Star Trek: Lower Decks Season 3 Takes Its Biggest Narrative Swing Yet — And It's A Nice Change Of Pace

The format break: it's as loathed as it is loved, if not more. Sometimes self-contained one-off episodes can be done brilliantly, as with the great (yet still polarizing) "Breaking Bad" outing "The Fly." Sometimes they're a mixed bag, as with the one-off obsessed third season of "Atlanta." And sometimes they get dragged to hell, like that time "Stranger Things" paused its climax for a heavily "The Warriors"-inspired interlude, or the much-loathed Nikki and Paolo episode of "Lost."

I've always been a fan of a format-breaking episode, so when my fellow Trek-loving co-workers and I started planning coverage for an episode of "Star Trek: Lower Decks" that they all said will surely divide fans, I had to wrack my brain to figure out what they were even talking about. Did a legacy character get slandered and I missed it? Did the Cerritos crew do something controversial? Nope, it turns out the mixed opinions were actually about the admittedly random focus of this week's episode. It's an interlude that leaves the show's main characters largely offscreen in favor of telling a story about Peanut Hamper (Kether Donohue), the irritating exocomp who abandoned the Cerritos crew in the season 1 finale.

An imperfect but refreshingly disconnected episode

As an episode of television, "A Mathematically Perfect Redemption" is just fine. It's a quasi-"Avatar" parody that also serves as a sort of guide to what Starfleet isn't all about. Donohue, one of the brilliantly funny stars of FX's anti-rom-com "You're the Worst," puts in an enjoyably obnoxious performance as a vapid utility robot. Peanut Hamper condescends to the avian race whose planet she crash lands on, only to fall in love with one of their feathery leaders.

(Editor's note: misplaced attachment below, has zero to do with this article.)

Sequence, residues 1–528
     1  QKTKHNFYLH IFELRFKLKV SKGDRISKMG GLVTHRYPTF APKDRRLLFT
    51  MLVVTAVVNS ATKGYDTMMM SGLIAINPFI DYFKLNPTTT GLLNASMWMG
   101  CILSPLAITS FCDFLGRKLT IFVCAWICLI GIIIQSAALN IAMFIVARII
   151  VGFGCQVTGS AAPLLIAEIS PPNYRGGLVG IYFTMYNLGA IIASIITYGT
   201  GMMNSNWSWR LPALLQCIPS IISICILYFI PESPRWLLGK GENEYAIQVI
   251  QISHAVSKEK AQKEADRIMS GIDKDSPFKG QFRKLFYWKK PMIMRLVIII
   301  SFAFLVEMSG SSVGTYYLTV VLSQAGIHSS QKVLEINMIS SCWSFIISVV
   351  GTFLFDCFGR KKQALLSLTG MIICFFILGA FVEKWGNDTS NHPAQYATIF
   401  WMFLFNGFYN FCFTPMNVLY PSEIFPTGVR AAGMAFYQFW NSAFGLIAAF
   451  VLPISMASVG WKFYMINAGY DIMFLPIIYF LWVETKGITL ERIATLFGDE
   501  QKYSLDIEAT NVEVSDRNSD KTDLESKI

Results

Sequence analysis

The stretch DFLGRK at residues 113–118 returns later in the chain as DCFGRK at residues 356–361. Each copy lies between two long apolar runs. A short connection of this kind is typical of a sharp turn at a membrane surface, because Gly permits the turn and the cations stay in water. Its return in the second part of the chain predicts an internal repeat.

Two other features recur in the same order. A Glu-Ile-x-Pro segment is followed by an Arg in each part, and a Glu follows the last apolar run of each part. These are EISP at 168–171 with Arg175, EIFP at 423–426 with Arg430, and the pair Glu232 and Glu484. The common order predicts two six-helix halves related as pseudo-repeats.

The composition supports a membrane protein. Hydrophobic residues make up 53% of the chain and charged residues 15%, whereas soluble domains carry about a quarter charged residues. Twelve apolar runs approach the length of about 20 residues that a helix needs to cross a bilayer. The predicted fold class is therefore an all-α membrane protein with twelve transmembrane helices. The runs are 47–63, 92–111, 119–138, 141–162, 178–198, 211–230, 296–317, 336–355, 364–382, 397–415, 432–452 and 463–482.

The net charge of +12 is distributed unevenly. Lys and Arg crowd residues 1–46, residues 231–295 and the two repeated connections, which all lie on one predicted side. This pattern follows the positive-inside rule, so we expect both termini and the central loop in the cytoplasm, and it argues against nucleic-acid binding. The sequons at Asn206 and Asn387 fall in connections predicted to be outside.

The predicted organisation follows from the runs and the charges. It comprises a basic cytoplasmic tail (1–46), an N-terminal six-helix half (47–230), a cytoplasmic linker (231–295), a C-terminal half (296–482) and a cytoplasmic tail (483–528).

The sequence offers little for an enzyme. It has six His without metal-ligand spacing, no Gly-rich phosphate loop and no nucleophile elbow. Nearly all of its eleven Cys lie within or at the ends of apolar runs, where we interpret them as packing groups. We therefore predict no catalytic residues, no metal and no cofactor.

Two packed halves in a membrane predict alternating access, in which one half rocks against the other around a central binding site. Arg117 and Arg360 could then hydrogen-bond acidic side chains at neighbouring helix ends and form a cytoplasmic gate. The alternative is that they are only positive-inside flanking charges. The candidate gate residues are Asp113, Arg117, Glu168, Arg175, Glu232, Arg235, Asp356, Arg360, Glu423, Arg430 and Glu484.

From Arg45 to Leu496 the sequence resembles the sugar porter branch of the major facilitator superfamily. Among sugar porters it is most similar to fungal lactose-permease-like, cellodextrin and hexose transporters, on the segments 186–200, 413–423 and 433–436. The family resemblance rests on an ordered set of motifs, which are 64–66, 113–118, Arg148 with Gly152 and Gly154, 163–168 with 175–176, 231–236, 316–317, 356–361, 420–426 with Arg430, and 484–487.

Though its ending puts Peanut Hamper's villainy into focus when it's revealed that she was attempting to sell the planet's abandoned tech to scavengers, it's pretty mean-spirited along the way, as Peanut constantly belittles the bird-folks. In the end, though, "A Mathematically Perfect Redemption" does turn out to be a traditional Trek episode, in that its lesson is one of anti-imperialism: the "prissy little robot" gets put on a storage shelf, and her holier-than-thou attitude towards a culture she doesn't understand backfires when it turns out their ideas about their tech bringing about conflict are true.

This experiment with "Star Trek: Lower Decks" format may not have been perfect, but it's refreshing for a show that can sometimes feel like it's designed to replay the greatest hits of "Star Trek" mythology with a light comedic twist. Don't get me wrong, I love the series' slate of familiar guest stars and Second Contact missions that riff on "Trek" episodes past, but I also haven't seen every single "Star Trek" show out there, and until I catch up, some percentage of "Star Trek: Lower Decks" will always be lost on me.

It's always exciting to see Trek go off book

My less-than-encyclopedic Trek knowledge — which I'm sure is a trait plenty of other viewers share — means that plenty of episodes feel about as random to me as this one. A show built around Easter eggs and in-jokes will always leave some folks out by default, so episodes that give the prerequisites a rest are a welcome change of pace for me as a semi-casual Trek fan.

Plus, we can't all be the ideal Starfleet recruit. While I think Peanut Hamper is the absolute worst, I can't help but relate to her mocking admission at the top of the episode, that she would never "kill herself for a bunch of randos she met three hours ago." As a series, "Star Trek: Lower Decks" is at once an antidote to the more self-serious Trek shows and a vessel for unabashed love for all that has come before, but it's nice to occasionally see a story about the impulses that cause some to run in the exact opposite direction as the ethically upstanding heroes of Starfleet.

In fact, it's refreshing to see a mission-of-the-week show go off book like this in general. The world of "Star Trek" is an expansive, imaginative, and near-endless one, and the animation format is just as open to experimentation. If any show seems designed to take big swings, it's "Star Trek: Lower Deck." Am I saying we should see a second Peanut Hamper-centric episode? No, definitely not. But it's always fun to see a Trek series go somewhere the decades-old franchise has never gone before, forsaking traditional and expected stories in favor of something creative and unpredictable.